Interestingly, for instance, she is already seeing a growing number of employees discover they have “jumped out of the frying pan into the fire”, which has resulted in them returning to their original employer.

Meanwhile, although many organisations are making counteroffers to keep hold of key talent, there has also been an increasing realisation of the need to re-engage staff who “partially checked out” by providing them with a “more compelling place to work”, says White.

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  • Research by Capgemini found just over three-quarters of global tech employees who are women or ethnic minorities don’t feel a sense of belonging at work.
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Examples here include providing “more health and wellbeing support, actively addressing salary issues – which isn’t necessarily just about a pay hike but also a deal that weaves in flexibility – and making the office somewhere fun that people want to go”.

In recognition of the fact that it has “been a very difficult 18 months for people”, a key focus for digital identity specialists GBG has been to demonstrate that they “can have the best of both worlds” by staying put, says chief people officer James Miller.

“As an employer, you want to create a sweet spot where someone doesn’t want to pick up the phone,” he says. “If someone has great opportunities and feel fairly rewarded, they’ll feel content where they are and won’t jump elsewhere.”

As a result, the company is putting a big focus on internal development and progression, staff health and wellbeing as well as offering employees the flexibility to work when, how and where works best for them and their teams. This approach includes taking less of a location-based stance to recruitment by building more international teams, primarily in the 13 countries in which the organisation already has offices.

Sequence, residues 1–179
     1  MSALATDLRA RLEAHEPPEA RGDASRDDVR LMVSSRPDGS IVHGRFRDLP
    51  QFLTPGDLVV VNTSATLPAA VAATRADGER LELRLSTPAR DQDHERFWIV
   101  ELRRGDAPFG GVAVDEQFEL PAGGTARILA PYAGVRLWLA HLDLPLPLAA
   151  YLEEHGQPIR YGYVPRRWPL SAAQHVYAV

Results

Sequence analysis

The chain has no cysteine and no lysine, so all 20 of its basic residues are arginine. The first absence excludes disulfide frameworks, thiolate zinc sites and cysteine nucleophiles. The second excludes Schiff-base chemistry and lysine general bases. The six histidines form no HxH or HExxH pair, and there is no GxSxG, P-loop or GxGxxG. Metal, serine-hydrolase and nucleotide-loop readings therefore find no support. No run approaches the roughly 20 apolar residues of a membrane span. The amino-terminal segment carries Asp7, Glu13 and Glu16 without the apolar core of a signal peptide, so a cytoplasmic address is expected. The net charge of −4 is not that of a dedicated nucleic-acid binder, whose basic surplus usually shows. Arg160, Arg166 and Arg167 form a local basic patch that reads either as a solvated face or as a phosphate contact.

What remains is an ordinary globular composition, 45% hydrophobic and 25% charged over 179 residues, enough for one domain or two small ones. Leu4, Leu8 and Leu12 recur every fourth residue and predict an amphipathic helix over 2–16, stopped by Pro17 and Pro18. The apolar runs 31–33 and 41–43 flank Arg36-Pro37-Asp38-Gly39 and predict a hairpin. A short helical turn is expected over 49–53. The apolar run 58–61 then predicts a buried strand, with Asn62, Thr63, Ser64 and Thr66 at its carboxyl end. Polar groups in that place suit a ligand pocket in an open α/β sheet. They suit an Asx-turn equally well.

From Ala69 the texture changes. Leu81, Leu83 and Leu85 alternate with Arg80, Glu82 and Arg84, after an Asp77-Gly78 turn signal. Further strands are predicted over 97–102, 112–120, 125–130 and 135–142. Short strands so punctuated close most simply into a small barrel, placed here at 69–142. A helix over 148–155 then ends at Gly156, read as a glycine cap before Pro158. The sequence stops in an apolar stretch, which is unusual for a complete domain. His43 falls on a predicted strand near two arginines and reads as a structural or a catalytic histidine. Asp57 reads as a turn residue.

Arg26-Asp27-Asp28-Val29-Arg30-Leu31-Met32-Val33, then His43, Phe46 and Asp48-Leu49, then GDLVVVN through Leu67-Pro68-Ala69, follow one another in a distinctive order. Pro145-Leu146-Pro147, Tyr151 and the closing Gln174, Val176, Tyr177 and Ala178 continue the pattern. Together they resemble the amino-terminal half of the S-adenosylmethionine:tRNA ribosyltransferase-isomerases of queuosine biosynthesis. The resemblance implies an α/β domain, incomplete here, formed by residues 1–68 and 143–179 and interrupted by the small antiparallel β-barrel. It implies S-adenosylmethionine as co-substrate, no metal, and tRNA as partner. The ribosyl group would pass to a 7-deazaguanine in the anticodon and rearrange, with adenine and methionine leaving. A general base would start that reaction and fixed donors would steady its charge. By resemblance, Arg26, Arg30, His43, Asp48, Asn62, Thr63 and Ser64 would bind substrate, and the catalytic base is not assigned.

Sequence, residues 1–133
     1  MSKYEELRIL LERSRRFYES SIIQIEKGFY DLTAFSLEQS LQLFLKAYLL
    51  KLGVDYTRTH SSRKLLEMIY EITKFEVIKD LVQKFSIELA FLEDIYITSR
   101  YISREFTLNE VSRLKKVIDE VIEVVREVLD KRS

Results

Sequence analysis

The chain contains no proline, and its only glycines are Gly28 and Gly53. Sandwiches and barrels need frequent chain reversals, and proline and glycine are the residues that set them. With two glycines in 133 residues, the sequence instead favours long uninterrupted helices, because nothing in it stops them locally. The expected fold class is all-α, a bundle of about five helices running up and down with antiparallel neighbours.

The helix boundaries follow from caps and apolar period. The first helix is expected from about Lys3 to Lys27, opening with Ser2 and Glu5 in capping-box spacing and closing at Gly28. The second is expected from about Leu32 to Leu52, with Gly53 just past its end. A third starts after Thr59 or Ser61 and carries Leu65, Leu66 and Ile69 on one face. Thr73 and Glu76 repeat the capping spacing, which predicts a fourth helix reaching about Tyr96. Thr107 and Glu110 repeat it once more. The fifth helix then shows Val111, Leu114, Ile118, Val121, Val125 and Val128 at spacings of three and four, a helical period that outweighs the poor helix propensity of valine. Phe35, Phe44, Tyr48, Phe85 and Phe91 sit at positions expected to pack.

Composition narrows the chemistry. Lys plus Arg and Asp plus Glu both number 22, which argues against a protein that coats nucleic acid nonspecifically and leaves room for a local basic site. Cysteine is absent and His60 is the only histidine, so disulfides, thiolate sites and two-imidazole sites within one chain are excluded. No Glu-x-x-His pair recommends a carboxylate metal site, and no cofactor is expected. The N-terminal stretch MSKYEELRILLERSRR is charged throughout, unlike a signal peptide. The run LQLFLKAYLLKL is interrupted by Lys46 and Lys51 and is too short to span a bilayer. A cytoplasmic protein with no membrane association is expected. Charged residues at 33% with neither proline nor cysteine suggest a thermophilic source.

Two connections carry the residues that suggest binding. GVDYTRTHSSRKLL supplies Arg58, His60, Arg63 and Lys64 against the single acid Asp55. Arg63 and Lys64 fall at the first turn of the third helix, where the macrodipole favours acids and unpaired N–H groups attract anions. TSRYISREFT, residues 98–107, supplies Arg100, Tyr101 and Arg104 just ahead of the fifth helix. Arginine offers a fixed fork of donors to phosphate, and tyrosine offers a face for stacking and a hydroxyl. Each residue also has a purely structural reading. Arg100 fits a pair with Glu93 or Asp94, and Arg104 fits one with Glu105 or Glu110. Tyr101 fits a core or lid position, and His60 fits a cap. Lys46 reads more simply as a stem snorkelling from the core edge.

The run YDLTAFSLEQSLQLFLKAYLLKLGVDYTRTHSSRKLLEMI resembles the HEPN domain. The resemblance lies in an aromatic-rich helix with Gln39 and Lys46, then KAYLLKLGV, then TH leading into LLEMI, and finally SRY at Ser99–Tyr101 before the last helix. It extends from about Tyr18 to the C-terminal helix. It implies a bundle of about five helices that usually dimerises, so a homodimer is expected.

Out of chaos can come lasting change

Hays Technology’s Hallahan acknowledges that this move towards creating distributed workforces in order to access the best talent wherever it may be is a growing trend at both a national and international level. A popular tactic here is to establish talent clusters in which individuals work remotely but get together regularly for team-building purposes.

Another trend that is coming to the fore because of the current lack of “permanent talent to deliver against demand” is the growing use of outsourcing to deliver products and services, which includes taking on contingent workers.

The introduction of changes to IR35 contracting regulations at the start of this year though has “changed the risk profile for digital transformation projects”, says Hallahan, leading to “significant growth in the delivery of outcome-based contracts”. This means many contractors are no longer being paid on a time and materials basis but for outcomes, which results in the risk being outsourced to them.

But in general terms, employers are now beginning to understand just how vital it is to ensure a positive and fair company culture that treats their workforce well, says White.

“It’s currently a perfect storm, but out of the chaos can come lasting change. So we’re talking about better organisational practices where long hours are addressed, people are helped to navigate difficult moments, receive good development opportunities and are paid fairly – and many employers are starting to get it now,” she concludes.